The best thing about King’s best works isn’t that they are “good,” but that you can’t put them down. Deavers obviously has to deliver this more than anyone, but the supporting cast fills all the gaps. Fresh off his turn as Pennywise, Bill Skarsgård, gives a performance that’s hard to describe, and certainly hard to describe as challenging, but is as creepy as you could hope for. The gaps fill in with Scott Glenn, Sissy Spacek, and a stunning effort by Noel Fisher as the guard who can’t let things get swept under the rug.

The characters build this monstrous series of machinations in a way that doesn’t overplay the best of the effort, and it ends up rather brilliant. There are two scenes a few episodes in that reveal the power behind what you didn’t even realize was happening. One of them has our prison guard drawing faces, and the other involves our prisoner just sitting there as a family falls apart. After being bombard with scenes of our characters fumbling for a reaction to crazy situations, we now find that there is no character to look bewildered. It’s just us.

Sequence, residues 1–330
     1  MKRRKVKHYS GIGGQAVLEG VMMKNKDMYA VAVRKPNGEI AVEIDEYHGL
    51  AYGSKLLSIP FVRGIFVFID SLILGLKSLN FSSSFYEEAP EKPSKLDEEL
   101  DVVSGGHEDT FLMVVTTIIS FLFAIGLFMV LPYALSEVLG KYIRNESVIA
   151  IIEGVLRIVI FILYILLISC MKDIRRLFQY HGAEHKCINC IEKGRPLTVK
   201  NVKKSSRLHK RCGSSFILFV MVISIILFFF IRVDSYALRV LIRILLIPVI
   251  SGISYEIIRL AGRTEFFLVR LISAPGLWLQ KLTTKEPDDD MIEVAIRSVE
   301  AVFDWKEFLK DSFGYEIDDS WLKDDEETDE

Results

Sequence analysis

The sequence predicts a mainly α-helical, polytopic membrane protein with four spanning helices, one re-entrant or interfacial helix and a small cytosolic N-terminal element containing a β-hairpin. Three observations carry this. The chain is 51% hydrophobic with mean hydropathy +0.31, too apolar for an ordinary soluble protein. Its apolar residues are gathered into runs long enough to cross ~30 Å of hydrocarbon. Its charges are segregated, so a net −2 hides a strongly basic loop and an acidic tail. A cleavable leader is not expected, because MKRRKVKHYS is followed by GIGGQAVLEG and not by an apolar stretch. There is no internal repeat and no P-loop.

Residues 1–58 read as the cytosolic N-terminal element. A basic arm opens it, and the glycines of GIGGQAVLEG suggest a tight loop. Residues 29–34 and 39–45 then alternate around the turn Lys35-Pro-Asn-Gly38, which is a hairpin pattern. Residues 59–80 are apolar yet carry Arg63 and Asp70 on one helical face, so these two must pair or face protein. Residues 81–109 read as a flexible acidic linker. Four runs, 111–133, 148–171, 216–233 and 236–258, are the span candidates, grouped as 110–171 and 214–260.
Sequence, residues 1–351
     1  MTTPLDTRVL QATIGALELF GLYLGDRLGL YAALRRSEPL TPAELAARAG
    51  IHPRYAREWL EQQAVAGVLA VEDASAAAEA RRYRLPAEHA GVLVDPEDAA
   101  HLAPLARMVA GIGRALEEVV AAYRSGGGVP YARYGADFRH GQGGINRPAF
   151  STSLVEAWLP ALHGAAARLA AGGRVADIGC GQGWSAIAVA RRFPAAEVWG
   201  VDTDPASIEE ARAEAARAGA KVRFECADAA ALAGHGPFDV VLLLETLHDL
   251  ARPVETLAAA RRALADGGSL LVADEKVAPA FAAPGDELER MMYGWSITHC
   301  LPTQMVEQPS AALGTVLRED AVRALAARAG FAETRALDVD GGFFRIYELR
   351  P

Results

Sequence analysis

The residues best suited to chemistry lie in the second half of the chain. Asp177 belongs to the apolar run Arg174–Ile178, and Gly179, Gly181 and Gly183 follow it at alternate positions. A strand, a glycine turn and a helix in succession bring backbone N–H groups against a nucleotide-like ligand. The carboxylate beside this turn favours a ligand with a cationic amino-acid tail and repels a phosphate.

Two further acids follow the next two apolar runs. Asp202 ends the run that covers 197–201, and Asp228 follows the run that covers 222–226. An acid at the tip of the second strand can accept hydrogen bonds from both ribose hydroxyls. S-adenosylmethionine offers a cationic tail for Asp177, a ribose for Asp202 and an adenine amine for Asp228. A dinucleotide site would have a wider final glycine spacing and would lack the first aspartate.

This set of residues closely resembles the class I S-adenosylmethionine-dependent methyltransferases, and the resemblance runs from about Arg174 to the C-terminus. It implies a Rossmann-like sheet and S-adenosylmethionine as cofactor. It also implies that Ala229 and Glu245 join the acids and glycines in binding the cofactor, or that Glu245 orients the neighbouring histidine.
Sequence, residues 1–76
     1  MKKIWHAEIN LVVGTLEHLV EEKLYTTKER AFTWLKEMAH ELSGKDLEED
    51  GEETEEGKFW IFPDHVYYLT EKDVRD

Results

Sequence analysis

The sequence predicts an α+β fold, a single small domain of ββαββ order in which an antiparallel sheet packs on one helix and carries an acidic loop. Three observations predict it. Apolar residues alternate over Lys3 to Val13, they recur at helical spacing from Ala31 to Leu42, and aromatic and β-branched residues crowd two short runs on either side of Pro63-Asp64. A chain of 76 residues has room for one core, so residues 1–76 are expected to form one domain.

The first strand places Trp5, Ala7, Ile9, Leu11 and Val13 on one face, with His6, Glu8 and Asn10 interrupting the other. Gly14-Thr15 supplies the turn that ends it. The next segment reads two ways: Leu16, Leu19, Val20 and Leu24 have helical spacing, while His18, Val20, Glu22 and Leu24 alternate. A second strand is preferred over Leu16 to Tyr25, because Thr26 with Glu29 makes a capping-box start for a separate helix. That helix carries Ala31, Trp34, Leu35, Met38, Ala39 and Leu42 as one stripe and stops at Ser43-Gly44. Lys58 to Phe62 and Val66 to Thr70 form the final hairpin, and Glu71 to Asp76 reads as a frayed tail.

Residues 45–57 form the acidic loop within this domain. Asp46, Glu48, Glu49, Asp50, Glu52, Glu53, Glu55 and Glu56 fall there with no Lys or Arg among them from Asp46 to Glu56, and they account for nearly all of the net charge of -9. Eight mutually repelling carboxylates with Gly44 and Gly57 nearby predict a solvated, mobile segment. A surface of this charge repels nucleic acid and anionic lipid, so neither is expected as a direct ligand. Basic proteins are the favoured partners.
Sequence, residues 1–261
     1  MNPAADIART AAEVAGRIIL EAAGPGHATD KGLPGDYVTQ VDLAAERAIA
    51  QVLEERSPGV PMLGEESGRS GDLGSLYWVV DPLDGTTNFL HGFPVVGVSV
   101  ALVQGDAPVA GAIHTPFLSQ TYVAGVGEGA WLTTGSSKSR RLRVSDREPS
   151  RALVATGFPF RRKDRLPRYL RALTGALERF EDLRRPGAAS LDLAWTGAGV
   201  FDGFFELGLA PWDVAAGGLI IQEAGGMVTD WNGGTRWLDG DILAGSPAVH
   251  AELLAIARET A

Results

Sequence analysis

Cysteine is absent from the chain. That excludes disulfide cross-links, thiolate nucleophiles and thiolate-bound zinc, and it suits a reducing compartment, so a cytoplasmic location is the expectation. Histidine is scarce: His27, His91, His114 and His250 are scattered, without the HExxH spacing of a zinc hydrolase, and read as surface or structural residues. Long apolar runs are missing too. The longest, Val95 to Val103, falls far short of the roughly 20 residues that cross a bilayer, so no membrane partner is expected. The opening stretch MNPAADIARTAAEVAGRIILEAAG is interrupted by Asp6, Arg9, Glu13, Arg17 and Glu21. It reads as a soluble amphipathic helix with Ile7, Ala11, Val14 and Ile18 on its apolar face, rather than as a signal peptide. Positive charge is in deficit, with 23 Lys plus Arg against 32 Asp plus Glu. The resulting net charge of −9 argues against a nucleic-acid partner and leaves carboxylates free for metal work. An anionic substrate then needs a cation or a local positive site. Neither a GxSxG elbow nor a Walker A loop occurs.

Summary
Castle Rock is one of the best efforts to bring Stephen King into your living room, and one of the most binge-worthy shows of the last few years. There aren't many shows that pull you in so fast, and this one manages it by giving a different spin on trying to unnerve you.
9.5
Amazing
Written by
Marc Eastman is the owner and operator of Are You Screening? and has been writing film reviews for over a decade, and several branches of the internet's film review world have seen his name. He is also a member of The Broadcast Film Critics Association and The Broadcast Television Journalists Association.